Thanking you in advance,

Jonny Jacobsen

 

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Thank you, Jonny. Now, let’s get back to Scientology’s actual size.

The real numbers are nothing close to the millions that the church claims. Mike Rinder, Marc Headley, Jefferson Hawkins, and many others have demonstrated that Scientology’s actual membership isn’t in the magnitude of millions. Our estimate, after polling former executives who had access to enrollment documents, was that Scientology had reached a maximum extent of about 100,000 active members around the year 1990. But by 2011, we explained that the best estimate was closer to 40,000 using several different lines of evidence.

Then, more recently, Paul Burkhart, a new defector who had worked at the Hollywood Guaranty Building and had access to sensitive church documents, told us that as of August 2013 when he left, worldwide active membership was “under 20,000.”

Another new defector, Peter Nyiri, who escaped from the Flag Land Base only months ago and who also had access to enrollment numbers, told us that he agrees with Burkhart’s assessment.

It’s a small and shrinking organization that gets a disproportionate amount of press thanks to its small number of high-profile celebrities. Anyway, please help out Jonny if you can, and send him your citations.

 
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Bonus items from our tipsters

They’re back at the Shrine this year!

 

 
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Scientology disconnection, a reminder

Bernie Headley has not seen his daughter Stephanie in 4,925 days.
Brian Sheen has not seen his grandson Leo in 71 days.
Clarissa Adams has not seen her parents Walter and Irmin Huber in 1,134 days.
Carol Nyburg has not seen her daughter Nancy in 1,908 days.
Jamie Sorrentini Lugli has not seen her father Irving in 2,682 days.
Quailynn McDaniel has not seen her brother Sean in 2,028 days.
Claudio and Renata Lugli have not seen their son Flavio in 2,522 days.
Sara Goldberg has not seen her daughter Ashley in 1,562 days.
Lori Hodgson has not seen her son Jeremy and daughter Jessica in 1,274 days.
Marie Bilheimer has not seen her mother June in 800 days.
Joe Reaiche has not seen his daughter Alanna Masterson in 4,889 days
Derek Bloch has not seen his father Darren in 2,029 days.
Cindy Plahuta has not seen her daughter Kara in 2,349 days.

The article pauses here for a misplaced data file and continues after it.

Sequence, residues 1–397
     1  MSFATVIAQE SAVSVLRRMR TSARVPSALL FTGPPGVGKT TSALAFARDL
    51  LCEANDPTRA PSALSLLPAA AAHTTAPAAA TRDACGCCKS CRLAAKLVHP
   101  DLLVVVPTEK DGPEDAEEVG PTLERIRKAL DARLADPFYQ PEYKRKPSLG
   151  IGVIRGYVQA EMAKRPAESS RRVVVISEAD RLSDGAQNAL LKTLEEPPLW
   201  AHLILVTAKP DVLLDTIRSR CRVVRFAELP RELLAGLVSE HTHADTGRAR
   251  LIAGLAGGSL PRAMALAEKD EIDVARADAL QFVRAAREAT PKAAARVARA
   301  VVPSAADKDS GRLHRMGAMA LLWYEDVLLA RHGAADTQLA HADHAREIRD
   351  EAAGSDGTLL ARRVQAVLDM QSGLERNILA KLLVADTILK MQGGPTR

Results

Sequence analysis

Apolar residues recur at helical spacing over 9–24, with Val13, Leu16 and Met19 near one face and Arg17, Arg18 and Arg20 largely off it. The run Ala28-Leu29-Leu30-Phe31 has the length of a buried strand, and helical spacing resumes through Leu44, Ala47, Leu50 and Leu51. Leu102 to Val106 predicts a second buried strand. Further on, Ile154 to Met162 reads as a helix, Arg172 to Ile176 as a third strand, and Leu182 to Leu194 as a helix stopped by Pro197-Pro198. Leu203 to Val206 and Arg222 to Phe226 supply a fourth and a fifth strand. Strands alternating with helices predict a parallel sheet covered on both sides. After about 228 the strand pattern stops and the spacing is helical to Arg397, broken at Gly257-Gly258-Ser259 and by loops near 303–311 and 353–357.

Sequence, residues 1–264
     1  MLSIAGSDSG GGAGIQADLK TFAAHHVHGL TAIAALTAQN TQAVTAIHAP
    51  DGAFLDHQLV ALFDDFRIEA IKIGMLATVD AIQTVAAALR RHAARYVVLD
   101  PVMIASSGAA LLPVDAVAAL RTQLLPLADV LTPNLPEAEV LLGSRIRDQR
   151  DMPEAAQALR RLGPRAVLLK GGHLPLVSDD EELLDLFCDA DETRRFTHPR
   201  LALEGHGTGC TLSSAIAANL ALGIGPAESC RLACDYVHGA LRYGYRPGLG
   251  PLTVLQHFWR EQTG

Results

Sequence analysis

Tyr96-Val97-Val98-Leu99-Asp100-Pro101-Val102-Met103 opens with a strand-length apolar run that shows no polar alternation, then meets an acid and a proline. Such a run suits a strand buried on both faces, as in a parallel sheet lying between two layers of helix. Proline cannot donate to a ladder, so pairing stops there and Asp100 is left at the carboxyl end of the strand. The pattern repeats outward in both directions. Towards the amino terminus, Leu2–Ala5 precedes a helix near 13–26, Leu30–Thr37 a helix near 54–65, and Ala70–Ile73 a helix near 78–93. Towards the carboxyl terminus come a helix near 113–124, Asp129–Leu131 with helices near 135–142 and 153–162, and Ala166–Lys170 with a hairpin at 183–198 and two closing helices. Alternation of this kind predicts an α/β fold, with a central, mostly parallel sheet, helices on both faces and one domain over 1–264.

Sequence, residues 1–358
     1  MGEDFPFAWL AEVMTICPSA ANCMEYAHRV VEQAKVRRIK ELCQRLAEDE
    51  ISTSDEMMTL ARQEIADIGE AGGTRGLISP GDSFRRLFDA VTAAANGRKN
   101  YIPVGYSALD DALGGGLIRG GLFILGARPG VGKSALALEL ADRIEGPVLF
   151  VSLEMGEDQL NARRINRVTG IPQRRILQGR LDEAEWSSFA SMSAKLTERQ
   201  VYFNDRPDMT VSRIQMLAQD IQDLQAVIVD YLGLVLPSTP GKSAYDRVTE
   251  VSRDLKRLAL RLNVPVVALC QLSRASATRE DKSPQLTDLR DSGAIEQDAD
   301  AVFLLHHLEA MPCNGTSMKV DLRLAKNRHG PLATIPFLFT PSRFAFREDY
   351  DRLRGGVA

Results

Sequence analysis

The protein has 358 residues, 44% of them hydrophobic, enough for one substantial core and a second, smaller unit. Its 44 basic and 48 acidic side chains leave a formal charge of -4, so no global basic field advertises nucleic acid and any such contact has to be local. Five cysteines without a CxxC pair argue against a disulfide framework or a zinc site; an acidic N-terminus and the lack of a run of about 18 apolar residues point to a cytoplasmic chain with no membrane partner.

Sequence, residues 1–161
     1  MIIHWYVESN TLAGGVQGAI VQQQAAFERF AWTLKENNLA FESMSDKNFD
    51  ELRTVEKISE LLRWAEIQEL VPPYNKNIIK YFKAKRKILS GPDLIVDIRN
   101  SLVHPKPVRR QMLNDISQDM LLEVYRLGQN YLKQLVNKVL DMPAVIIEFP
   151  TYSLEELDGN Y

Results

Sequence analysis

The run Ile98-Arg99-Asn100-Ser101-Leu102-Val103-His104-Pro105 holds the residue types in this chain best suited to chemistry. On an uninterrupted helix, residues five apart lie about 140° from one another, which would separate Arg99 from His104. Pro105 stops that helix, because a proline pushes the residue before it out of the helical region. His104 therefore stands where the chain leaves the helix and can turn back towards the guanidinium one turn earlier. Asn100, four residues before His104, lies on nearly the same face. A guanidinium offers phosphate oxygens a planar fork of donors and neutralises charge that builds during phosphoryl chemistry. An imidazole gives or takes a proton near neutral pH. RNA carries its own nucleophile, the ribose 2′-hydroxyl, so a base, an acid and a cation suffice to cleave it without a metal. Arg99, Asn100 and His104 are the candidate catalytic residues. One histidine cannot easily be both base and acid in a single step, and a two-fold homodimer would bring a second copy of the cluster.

Claire Headley has not seen her mother Gen in 2,324 days.
Ramana Dienes-Browning has not seen her mother Jancis in 680 days.
Mike Rinder has not seen his son Benjamin and daughter Taryn in 4,982 days.
Brian Sheen has not seen his daughter Spring in 1,088 days.
Skip Young has not seen his daughters Megan and Alexis for 1,491 days.
Mary Kahn has not seen her son Sammy in 1,364 days.
Lois Reisdorf has not seen her son Craig in 945 days.
Phil and Willie Jones have not seen their son Mike and daughter Emily in 1,450 days.
Mary Jane Sterne has not seen her daughter Samantha in 1,694 days.
Kate Bornstein has not seen her daughter Jessica in 12,803 days.

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3D-UnbreakablePosted by Tony Ortega on November 6, 2017 at 07:00

E-mail tips and story ideas to tonyo94 AT gmail DOT com or follow us on Twitter. We post behind-the-scenes updates at our Facebook author page. After every new story we send out an alert to our e-mail list and our FB page.

Our book, The Unbreakable Miss Lovely: How the Church of Scientology tried to destroy Paulette Cooper, is on sale at Amazon in paperback, Kindle, and audiobook versions. We’ve posted photographs of Paulette and scenes from her life at a separate location. Reader Sookie put together a complete index. More information can also be found at the book’s dedicated page.

The Best of the Underground Bunker, 1995-2016 Just starting out here? We’ve picked out the most important stories we’ve covered here at the Undergound Bunker (2012-2016), The Village Voice (2008-2012), New Times Los Angeles (1999-2002) and the Phoenix New Times (1995-1999)

Learn about Scientology with our numerous series with experts…

BLOGGING DIANETICS: We read Scientology’s founding text cover to cover with the help of L.A. attorney and former church member Vance Woodward
UP THE BRIDGE: Claire Headley and Bruce Hines train us as Scientologists
GETTING OUR ETHICS IN: Jefferson Hawkins explains Scientology’s system of justice
SCIENTOLOGY MYTHBUSTING: Historian Jon Atack discusses key Scientology concepts

Other links: Shelly Miscavige, ten years gone | The Lisa McPherson story told in real time | The Cathriona White stories | The Leah Remini ‘Knowledge Reports’ | Hear audio of a Scientology excommunication | Scientology’s little day care of horrors | Whatever happened to Steve Fishman? | Felony charges for Scientology’s drug rehab scam | Why Scientology digs bomb-proof vaults in the desert | PZ Myers reads L. Ron Hubbard’s “A History of Man” | Scientology’s Master Spies | Scientology’s Private Dancer | The mystery of the richest Scientologist and his wayward sons | Scientology’s shocking mistreatment of the mentally ill | Scientology boasts about assistance from Google | The Underground Bunker’s Official Theme Song | The Underground Bunker FAQ

Our Guide to Alex Gibney’s film ‘Going Clear,’ and our pages about its principal figures…
Jason Beghe | Tom DeVocht | Sara Goldberg | Paul Haggis | Mark “Marty” Rathbun | Mike Rinder | Spanky Taylor | Hana Whitfield